While still ongoing, the excavations of the Double Mer Point winter village have revealed much about the daily lives of its inhabitants. We now know that the village was occupied from the late 18th century to the early 19th century. Villagers survived the long winters by hunting seal and caribou as well as fishing for salmon. They butchered their food using traditional tools such as ulus and cooked in soapstone pots hung over kudliks. Much of the winter would be spent hunting, sewing clothes, producing elaborate beadwork, beautiful carvings, and playing games. The families from Double Mer Point participated in long-distance trade, helping to move European-manufactured goods, like beads, dishes and hunting equipment acquired from British and French fishers and traders in southern Labrador to Inuit communities along the coast. They were well connected to the global economy, one of the houses even contained a Turkish pipe.
The excavations at Double Mer Point allowed a wonderful opportunity for the archaeology team from Memorial University and community members from Rigolet to get to know one another. Each year we held community meetings to explain our finds and interpretations to the town. The Net Loft Museum provided a place for archaeologists to interact with community members daily to learn about the use and importance of the artifacts we found. The annual Rigolet Salmon Festival provided a great opportunity to discuss the excavations with people returning home for the celebration. The support from the Rigolet community was overwhelming: they housed us, provided us with research space, took us fishing and exploring, and shared their pride and enthusiasm for their history and culture.
At the request of the Rigolet Inuit Community Government we have developed an all-weather interpretive plaque in Inuttitut and English to describe life at the Double Mer Point winter village. More plaques will be added at destinations along the boardwalk and at other archaeological sites soon.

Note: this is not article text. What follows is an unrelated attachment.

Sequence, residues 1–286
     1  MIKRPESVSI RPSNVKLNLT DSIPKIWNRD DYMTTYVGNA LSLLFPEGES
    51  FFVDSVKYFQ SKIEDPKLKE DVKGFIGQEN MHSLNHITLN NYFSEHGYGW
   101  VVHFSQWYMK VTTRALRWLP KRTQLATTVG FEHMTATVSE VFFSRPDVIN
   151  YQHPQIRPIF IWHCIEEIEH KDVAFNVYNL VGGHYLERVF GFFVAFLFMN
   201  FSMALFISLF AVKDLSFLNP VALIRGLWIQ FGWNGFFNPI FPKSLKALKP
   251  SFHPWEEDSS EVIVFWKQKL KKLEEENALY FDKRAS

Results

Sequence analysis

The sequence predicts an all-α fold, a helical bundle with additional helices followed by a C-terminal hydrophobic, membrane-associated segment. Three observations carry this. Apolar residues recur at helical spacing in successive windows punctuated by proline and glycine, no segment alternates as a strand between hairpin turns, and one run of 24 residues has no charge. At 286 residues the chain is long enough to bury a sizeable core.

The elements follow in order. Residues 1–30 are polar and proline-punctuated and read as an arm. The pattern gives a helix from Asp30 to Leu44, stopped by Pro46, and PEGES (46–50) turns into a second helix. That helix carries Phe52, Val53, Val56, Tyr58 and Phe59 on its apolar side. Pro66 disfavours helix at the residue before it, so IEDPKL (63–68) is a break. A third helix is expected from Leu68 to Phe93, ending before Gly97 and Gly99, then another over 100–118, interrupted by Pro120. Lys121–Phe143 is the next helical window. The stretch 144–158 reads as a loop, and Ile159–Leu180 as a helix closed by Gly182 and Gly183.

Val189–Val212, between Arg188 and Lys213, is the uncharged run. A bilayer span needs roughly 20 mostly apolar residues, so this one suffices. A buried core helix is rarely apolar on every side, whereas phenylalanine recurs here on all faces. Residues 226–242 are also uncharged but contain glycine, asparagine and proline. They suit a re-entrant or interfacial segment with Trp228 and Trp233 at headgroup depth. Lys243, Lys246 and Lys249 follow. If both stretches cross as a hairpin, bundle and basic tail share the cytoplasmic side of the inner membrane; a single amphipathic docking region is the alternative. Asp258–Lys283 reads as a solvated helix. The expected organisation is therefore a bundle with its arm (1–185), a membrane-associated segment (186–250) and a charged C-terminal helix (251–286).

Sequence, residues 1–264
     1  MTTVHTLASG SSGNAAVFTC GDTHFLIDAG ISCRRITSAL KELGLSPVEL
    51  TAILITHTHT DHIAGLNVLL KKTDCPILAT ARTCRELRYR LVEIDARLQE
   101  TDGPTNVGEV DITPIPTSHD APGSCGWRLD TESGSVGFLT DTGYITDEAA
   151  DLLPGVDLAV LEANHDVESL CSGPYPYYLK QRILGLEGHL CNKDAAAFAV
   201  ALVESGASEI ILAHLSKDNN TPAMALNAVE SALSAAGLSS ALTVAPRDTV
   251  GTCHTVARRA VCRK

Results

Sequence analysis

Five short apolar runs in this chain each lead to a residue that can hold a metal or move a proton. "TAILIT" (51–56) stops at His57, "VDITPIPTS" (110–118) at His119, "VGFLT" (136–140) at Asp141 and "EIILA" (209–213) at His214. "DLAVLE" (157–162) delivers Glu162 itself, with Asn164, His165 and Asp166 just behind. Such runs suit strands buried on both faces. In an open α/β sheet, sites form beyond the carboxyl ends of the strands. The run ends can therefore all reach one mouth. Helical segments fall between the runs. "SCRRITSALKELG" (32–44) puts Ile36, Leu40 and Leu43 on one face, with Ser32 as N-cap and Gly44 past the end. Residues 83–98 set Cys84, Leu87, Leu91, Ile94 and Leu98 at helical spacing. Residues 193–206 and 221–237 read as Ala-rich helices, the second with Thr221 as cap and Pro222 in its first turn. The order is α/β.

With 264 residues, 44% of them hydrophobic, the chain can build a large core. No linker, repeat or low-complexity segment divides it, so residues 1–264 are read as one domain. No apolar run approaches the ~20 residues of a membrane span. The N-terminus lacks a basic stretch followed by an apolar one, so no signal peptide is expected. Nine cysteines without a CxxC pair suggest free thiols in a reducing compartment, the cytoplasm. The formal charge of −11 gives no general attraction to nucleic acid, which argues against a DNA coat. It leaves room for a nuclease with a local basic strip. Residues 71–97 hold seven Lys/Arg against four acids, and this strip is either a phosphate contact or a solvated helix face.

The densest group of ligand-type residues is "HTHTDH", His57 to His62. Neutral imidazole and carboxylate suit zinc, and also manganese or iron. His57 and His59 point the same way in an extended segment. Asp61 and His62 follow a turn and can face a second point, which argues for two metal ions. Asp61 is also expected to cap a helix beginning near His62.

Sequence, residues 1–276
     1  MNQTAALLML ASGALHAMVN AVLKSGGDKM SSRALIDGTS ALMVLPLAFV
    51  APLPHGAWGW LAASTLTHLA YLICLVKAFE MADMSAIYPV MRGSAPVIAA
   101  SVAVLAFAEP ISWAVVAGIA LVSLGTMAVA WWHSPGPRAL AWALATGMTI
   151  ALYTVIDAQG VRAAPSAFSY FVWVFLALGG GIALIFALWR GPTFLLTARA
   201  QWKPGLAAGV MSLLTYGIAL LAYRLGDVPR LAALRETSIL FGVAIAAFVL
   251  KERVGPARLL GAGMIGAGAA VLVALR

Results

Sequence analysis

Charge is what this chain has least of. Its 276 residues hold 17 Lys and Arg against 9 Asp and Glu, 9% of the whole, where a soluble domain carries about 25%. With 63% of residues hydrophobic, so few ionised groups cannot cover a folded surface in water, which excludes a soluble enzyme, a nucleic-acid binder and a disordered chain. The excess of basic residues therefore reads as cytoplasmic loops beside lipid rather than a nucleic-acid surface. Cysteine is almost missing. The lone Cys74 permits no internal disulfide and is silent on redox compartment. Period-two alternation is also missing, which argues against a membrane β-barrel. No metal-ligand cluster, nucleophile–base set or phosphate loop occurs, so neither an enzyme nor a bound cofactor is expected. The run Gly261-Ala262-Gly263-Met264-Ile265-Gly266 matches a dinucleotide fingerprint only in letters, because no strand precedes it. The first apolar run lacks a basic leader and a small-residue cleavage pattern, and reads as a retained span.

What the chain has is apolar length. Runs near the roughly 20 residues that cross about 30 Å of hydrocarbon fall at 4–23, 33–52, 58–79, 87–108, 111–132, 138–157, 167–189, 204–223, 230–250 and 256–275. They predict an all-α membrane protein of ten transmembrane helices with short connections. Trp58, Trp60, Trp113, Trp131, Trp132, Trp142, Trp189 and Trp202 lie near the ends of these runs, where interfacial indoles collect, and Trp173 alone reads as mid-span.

In 2016 the cast and crew of the APTN series Wild Archaeology (Archaeology from an Indigenous Eye) spent a week in Rigolet filming and interviewing community members and archaeologists about the excavations at the Double Mer Point site. Their work resulted in a two-episode series The Inuit of Rigolet broadcast nationally by APTN in January 2017.
Excavations only take place in the summer, but a lot of archaeological work stabilizing artifacts, reconstructing them and learning more about them goes on in the laboratory during the winter. From the beginning of the project we wanted to develop a way for all interested community members to find out more about the archaeology at all stages. We created the Rigolet Community Archaeology Facebook page to share pictures of the excavation, the artifacts, the team and all the lab work at every stage of the process.
Media & Publications
Memorial University President’s Award for Engaged Partnership; Presented to Mayor Jack Shiwak of the Rigolet Inuit Community Government and Lisa Rankin for outstanding collaboration between the University and the community of Rigolet.
Community Project: Connecting the Present and Past in Rigolet; This is an informational video produced by the OPE department of Memorial University, with footage recorded by a local Rigolet Company, Bird’s Eye Inc.